Review: ‘James Dean: Forever Young’

Worthwhile for the wealth of hitherto unseen clips from many TV shows in which James Dean cut his acting teeth, "James Dean: Forever Young" is nevertheless the squarest and straightest (in both senses) possible telling of the still dazzling icon's brief life.

Worthwhile for the wealth of hitherto unseen clips from many TV shows in which James Dean cut his acting teeth, “James Dean: Forever Young” is nevertheless the squarest and straightest (in both senses) possible telling of the still dazzling icon’s brief life. Like all other Dean bios, written and filmed, this one imparts a sadness over potential unfulfilled, but it’s a heavy whitewash where his personal life is concerned. World preemed in Cannes to mark 50th anni of the star’s death, docu will mostly be seen as part of Warner Bros.’ DVD package featuring its three stellar Dean titles.

Some of Dean’s tube work has been glimpsed before, but never to the significant extent provided here. Resulting impression is of a versatile young actor testing his range and stretching into areas that went well beyond the brooding image created by his bigscreen features. Aside from nice color footage of Dean racing cars, loads of candid photographs and a re-enactment of his fatal auto accident, the rest is airbrushed biography that avoids mention of his ambidextrous sexual life or personal peccadilloes. There are no interviews, and Martin Sheen’s narration is dullsville.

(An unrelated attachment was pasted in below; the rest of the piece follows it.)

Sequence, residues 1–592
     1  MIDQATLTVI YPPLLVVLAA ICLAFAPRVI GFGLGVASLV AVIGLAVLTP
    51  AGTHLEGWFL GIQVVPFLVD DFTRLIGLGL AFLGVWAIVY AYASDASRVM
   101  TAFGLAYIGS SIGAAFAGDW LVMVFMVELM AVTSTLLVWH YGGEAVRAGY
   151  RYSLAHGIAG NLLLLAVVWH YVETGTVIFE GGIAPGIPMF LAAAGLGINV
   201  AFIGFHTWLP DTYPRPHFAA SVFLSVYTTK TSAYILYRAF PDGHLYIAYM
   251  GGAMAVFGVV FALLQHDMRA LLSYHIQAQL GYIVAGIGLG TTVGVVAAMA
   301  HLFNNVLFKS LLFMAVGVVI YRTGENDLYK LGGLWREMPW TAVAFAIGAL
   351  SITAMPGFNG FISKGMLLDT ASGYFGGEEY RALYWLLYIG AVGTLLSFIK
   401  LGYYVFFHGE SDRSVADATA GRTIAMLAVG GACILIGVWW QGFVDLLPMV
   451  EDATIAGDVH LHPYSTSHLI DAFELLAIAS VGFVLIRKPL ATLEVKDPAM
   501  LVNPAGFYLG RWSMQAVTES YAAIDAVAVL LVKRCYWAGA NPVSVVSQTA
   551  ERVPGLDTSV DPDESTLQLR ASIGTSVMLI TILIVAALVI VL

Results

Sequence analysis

James Dean: Forever Young

Production

A Warner Bros. release. Produced by Michael J. Sheridan, Marcus Winslow, Kevin J. Sheridan. Executive producers, Israel Baron, Alexandra Denman. Directed by Michael J. Sheridan. Written by Michael J. Sheridan, Kevin J. Sheridan. (Color/B&W).

Crew

Supervising film editors, Michael J. Sheridan, Jack Tucker; music, Timothy Michael Wynn. Reviewed at Cannes Film Festival (Cannes Classics), May 19, 2005. MPAA Rating: PG. Running time: 88 MIN.

With

Narrator: Martin Sheen.
Want to read more articles like this one? SUBSCRIBE TO VARIETY TODAY.
Post A Comment 0

Leave a Reply

No Comments

Comments are moderated. They may be edited for clarity and reprinting in whole or in part in Variety publications.

Fill in your details below or click an icon to log in:

WordPress.com Logo

You are commenting using your WordPress.com account. Log Out / Change )

Twitter picture

You are commenting using your Twitter account. Log Out / Change )

Facebook photo

You are commenting using your Facebook account. Log Out / Change )

Google+ photo

You are commenting using your Google+ account. Log Out / Change )

Connecting to %s

More Film News from Variety

Loading